Our first encounter with malt extract as homebrewers came from the first recipe kit we bought. For those new to homebrewing, the notion of malt extract may not be entirely novel. However, experienced homebrewers can also use malt extract.
Malt extract is a useful for seasoned brewers during the brewing process. After making significant expenditures in grains, machinery, and the time necessary for all-grain brewing, we frequently laugh at the thought of switching back to extract or partial-grain brewing.
Even for seasoned home brewers, there are situations when extract brewing is superior or advantageous.
You may be asking why we are so certain that utilizing malt extract in home brewing is so beneficial. In order to address your concerns, we’ve compiled a list of five reasons why malt extract is an excellent component for home brewing.
What is Malt Extract?
A concentrated version of wort is called malt extract. Manufacturers of extract go through the wort-making process in a controlled setting. The grains are removed, the wort is concentrated, and occasionally it is dehydrated.
Malt extract is available in two different forms: liquid and dehydrated. While dried malt extract is a powder, liquid malt extract resembles syrup.
Both methods have advantages and disadvantages, but you’ll frequently discover that a blend of liquid and dehydrated will produce the greatest results for your brew.
5 Benefits of Using Malt Extract in Home Brewing
1. Excellent for Newcomers
Using malt extract is usually always a good place to start when learning to brew. A little package of grains and malt extract is typically included in recipe kits that come with homebrew beginning kits.
With the help of these kits, novice home brewers may learn the fundamentals of the process without having to spend a lot of money on expensive equipment or become impatient with the time-consuming all-grain method.
With malt extract, amateurs may make their first batch of beer that should taste like the desired style without having to worry about using the right grain blend.
You may brew various beers while learning to brew using malt extract without spending a lot of time or money on equipment, and you get a solid concept of how each beer type should taste.
2. Suitable for Experimentation
Even if you are totally committed to all-grain brewing, there may be occasions when you’d like to try a new recipe or beer type without making a significant time or ingredient commitment.
Malt extract is an excellent way to make a suitable base wort for new beer types or for experimenting with different ingredients because it is meant to produce a consistent taste profile for regular grain bills.
When experimenting, using malt extract enables you to put less emphasis on having the same base beer flavor each time and more emphasis on getting the proper flavors from your added components (herbs, coffee, chocolate, fruits, etc.).
You may shift to all-grain and begin polishing the foundation of your beer once the flavor or beer style has been mastered using malt extract. This eliminates the need to second-guess whether the flavor enhancers or beer-style profile is appropriate.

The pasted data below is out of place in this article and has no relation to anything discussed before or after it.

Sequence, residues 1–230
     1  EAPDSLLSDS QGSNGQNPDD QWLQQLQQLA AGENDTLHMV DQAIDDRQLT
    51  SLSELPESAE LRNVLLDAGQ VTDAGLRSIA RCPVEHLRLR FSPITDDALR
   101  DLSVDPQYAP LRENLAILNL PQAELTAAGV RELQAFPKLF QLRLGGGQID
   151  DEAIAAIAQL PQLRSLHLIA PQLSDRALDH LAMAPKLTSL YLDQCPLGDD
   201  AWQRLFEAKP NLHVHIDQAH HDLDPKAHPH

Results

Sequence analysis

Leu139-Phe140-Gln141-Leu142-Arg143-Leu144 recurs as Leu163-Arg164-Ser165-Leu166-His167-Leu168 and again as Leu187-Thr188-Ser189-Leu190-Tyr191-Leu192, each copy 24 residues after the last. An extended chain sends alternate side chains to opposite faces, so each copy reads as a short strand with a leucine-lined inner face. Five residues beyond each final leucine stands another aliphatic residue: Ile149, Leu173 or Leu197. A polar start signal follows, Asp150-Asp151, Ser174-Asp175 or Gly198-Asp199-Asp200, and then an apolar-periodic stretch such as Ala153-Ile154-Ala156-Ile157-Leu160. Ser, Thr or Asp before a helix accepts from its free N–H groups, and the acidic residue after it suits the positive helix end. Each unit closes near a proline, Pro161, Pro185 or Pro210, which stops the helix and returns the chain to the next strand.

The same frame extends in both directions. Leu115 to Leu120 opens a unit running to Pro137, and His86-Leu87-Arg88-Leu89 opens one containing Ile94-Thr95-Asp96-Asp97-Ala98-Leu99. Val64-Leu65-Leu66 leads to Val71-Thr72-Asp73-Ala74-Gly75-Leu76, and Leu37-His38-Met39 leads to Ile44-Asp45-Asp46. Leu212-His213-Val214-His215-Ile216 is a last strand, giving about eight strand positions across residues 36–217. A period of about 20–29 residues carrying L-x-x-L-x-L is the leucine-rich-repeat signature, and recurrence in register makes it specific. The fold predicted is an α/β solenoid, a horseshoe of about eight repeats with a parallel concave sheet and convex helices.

3. More Consistent Results
You might want to think about bypassing the all-grain brewing and creating your fan-favorite utilizing malt extract if you have a beer type that you truly enjoy brewing or that is a favorite among your friends and family
Even if you always use the same grain bill during all-grain brewing, especially on a small scale in the homebrew process, there is a considerable chance that the tastes of your beer may vary. This variation results from small variations in the grain blend and in the mash temperature.
You can be confident that every time you brew when you skip the mash step and go straight to the boil using components produced under tight quality control.
4. Shortens the brewing process
Use malt extract instead of spending the effort to prepare your wort from milled grains if you want to brew but are short on time. Your wort is already prepared in malt extract. All you need to do to rehydrate and dilute is add water.
Your brewing time may increase by an hour or more with a proper mash process. Your brew day will take longer due to all of the additional equipment that has to be cleaned for all-grain brewing.
When using malt extract, your brew day begins with the boil, when you add the malt extract. Once the wort returns to a boil, you immediately add the first hops. Without taking into account the time required to clean your equipment, the brew time for malt extract might be as little as one hour.
5. Requires Less Equipment
Due to equipment or space limitations, some home brewers have no choice but to use malt extract. Many individuals who make homebrew with malt extract employ partial-grain brewing. This enables you to perform a mini-mash (similar to steeping a tiny amount of grains in boiling water) before adding the malt extract.
Pumps, mash tuns, and sparging apparatus are not required. A small grain bag and a boil kettle are required. Sticking with partial grain or malt extract recipes is an excellent alternative if you don’t have enough room or aren’t ready to invest in the necessary equipment for all-grain brewing.
Our list contains only a few of the factors that make malt extract excellent for home brewing, in case you’ve been wondering how it may help with your homebrewing process.
A malt extract is a fantastic choice for home brewing all kinds of delicious beers, regardless of whether you are an experienced brewer who wants to explore or you are new to home brewing and want to get started with the least amount of time or equipment expenditure.